In Georgia wine is fermented and stored in clay pots as part of a wine making tradition that supposedly stretches back to 8,000 BC.
Known as Qvevri (or Kvevri), they are typically built to contain hundreds or thousands of litres of wine. Made of red clay and built in a coil method, they are sealed inside with beeswax. Once ready they are fully buried in the ground and as such are very stable where temperature and moisture are concerned.
Georgian wine is made by pouring grapes into a Qvevri and crushing them. Over a period of days the grape skins are periodically stirred and crushed. Finally the Qvevri is sealed with a stone cap and the wine is left to ferment and mature over a period of a few years. Once the wine is ready it is pumped out and bottled. The Qvevri is sterilised with lime ready to be used again.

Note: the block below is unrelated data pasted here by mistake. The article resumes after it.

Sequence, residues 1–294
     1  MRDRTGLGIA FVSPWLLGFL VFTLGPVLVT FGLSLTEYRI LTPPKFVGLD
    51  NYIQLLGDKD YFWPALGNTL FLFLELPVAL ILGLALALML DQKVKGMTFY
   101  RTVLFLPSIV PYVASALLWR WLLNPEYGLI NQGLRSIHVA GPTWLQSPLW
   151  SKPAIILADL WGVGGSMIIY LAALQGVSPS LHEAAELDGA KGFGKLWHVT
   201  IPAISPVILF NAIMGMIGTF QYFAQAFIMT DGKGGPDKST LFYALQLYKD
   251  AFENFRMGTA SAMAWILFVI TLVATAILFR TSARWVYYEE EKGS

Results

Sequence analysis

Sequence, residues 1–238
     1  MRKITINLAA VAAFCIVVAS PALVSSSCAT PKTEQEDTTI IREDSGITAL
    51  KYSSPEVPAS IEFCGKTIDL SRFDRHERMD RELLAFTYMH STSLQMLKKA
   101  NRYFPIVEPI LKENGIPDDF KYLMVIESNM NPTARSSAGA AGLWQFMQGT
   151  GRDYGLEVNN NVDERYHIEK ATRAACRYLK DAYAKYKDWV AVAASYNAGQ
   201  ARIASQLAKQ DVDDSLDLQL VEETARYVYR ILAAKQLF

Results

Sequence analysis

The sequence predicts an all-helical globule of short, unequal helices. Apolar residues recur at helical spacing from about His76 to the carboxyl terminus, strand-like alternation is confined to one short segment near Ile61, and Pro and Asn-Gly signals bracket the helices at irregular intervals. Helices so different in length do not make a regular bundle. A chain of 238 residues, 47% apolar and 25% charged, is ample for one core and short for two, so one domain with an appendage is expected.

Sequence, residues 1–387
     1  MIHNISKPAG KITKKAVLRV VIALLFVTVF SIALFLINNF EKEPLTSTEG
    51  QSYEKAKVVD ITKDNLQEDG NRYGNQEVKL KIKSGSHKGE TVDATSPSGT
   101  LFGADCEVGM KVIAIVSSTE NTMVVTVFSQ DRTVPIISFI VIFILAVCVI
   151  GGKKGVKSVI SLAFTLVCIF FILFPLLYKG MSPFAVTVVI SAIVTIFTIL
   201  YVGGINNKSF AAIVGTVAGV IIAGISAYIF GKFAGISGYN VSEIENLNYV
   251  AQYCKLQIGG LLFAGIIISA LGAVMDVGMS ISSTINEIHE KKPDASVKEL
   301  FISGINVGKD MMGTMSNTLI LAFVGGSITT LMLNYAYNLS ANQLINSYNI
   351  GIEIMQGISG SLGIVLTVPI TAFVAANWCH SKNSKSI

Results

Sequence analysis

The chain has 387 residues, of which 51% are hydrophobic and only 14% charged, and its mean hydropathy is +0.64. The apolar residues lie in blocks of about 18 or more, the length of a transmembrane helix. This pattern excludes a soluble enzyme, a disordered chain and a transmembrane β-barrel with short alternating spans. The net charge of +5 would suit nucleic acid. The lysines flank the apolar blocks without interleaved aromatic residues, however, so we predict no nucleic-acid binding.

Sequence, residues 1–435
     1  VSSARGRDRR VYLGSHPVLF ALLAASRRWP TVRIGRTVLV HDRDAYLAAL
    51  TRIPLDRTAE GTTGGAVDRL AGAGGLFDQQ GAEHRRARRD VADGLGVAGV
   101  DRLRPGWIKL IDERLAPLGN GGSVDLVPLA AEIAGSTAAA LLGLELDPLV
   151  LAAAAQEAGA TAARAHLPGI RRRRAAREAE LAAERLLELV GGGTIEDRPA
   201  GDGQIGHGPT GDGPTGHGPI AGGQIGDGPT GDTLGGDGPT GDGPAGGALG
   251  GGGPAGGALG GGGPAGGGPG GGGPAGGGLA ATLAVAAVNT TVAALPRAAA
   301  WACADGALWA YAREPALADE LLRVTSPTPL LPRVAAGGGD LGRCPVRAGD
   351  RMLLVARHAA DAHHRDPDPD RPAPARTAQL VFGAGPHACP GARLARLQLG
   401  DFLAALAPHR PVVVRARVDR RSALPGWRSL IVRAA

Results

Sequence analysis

Wines produced in Qvevri is said to be stable by nature, rich in tannins and do not require preservatives to ensure longevity. The tannins found in this wine are meant to limit protein content and prevent the production of particulate matter.
The Greeks and Romans also used large earhenware pots for the fermentation and transportation of wine. The Romans had simple amphorae, with a pointed base. Compared to the Georgians however, the Greeks and Romans were comparatively late to the party.
The vast majority of Georgian wine is exported to Russia, but if you’d like to try Qvevri you can buy it in M&S!
Image is “Georgian Kvevri” by Levan Totosashvili – https://www.flickr.com/photos/conversum/4066312418/. Licensed under CC BY-SA 2.0 via Wikimedia Commons.